Congress Blows It, FAA Shuts Down, Airlines Profit in Different Ways

Congress has once again shown its inability to get anything done by actually letting the FAA reauthorization bill expire. What does that mean? Well, when Friday ended, so did the FAA, at least temporarily. Different airlines have used different tactics to profit, but for the general public, there is no benefit to this impasse at all. To be honest, the entire situation is simply pathetic.

Congress Earns Its Dunce Cap

Politics has gotten in the way of progress, probably to the surprise of nobody. The FAA has continued to be funded over the last few years with a series of extensions because Congress couldn’t agree on a new reauthorization, something that’s desperately needed so that we can move forward with programs like next generation air traffic control. While both sides of the aisle squabble over the details, at least they were smart enough to keep issuing extensions to keep the wheels of FAA going. This time, they apparently decided to take a stand and let it expire.

What’s the upshot? Until the FAA is reauthorized, all non-essential employees are laid off. (Yes, air traffic controllers still work and air travel remains unaffected operationally.) Funds for federally-assisted projects also dry up until this is done, so construction projects around the nation lie in peril. On top of that, the FAA no longer has the ability to collect taxes. This is a bonanza for airlines and sometimes for customers.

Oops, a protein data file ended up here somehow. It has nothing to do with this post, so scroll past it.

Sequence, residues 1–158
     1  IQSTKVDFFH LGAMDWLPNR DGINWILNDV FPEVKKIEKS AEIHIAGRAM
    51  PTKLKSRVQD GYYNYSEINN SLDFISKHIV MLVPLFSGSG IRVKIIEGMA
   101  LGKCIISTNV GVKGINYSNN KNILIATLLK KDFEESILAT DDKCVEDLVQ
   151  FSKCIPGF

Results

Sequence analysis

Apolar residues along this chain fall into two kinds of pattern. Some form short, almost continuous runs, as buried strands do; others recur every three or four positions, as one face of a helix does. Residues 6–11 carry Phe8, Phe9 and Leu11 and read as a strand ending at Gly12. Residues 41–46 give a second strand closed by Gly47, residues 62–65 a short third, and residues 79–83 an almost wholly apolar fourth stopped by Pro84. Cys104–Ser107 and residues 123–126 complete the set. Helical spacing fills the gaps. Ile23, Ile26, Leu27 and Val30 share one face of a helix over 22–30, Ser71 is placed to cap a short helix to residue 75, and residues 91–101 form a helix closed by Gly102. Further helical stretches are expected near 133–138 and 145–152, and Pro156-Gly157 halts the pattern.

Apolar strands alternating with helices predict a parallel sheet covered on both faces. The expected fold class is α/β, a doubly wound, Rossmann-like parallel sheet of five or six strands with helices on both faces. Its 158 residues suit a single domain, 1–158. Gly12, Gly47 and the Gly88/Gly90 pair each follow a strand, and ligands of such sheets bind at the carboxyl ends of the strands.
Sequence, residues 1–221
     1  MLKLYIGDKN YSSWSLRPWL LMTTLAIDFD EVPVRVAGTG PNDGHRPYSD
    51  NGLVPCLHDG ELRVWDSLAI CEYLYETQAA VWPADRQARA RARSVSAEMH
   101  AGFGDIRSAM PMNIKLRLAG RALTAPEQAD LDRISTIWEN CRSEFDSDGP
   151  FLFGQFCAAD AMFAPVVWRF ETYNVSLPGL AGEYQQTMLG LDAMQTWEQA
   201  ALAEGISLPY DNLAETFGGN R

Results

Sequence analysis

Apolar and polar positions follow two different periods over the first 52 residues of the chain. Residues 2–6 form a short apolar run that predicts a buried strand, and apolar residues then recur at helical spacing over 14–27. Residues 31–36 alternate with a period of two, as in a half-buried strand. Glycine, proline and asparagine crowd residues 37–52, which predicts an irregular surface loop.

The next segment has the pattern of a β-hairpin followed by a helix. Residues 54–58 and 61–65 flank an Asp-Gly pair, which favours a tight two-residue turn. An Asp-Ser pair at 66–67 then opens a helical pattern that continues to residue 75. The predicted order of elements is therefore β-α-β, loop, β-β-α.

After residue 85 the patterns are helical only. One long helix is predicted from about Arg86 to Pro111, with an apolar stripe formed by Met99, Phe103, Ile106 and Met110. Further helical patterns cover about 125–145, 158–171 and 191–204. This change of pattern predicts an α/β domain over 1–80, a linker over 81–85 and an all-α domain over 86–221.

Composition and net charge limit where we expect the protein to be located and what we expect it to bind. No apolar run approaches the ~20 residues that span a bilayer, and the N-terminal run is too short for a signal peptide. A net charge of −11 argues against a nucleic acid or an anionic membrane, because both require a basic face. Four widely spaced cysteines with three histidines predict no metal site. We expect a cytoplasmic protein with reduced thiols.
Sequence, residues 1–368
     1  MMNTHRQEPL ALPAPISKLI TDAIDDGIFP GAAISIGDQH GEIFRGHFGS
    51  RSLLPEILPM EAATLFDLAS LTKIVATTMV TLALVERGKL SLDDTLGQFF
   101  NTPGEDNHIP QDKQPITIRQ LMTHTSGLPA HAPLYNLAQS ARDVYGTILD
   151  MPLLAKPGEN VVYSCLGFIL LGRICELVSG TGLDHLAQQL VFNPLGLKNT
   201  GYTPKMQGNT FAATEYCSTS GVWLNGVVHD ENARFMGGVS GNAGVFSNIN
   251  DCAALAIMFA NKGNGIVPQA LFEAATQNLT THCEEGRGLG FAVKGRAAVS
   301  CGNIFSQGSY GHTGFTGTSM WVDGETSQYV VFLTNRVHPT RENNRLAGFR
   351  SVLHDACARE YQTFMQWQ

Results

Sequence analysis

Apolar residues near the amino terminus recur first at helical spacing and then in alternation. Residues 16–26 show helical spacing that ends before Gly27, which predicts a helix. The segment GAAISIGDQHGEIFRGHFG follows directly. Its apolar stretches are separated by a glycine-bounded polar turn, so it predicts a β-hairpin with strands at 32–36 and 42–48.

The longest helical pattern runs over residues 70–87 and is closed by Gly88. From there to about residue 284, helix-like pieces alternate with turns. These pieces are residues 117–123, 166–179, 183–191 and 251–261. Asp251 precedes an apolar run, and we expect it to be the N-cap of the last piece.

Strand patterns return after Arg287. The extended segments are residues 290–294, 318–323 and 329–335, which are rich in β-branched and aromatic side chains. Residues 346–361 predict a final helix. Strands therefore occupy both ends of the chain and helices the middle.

There are two distinct camps in the airline industry. Some took this as an opportunity to implement a “fare increase.” I put that in quotes, because the fare paid by the customer doesn’t change – it’s just that the airlines increased fares to replace the amount no longer being paid in tax. All of the bigger airlines are doing this, including Southwest and JetBlue. (Airline Reporter is keeping tabs on this in detail.)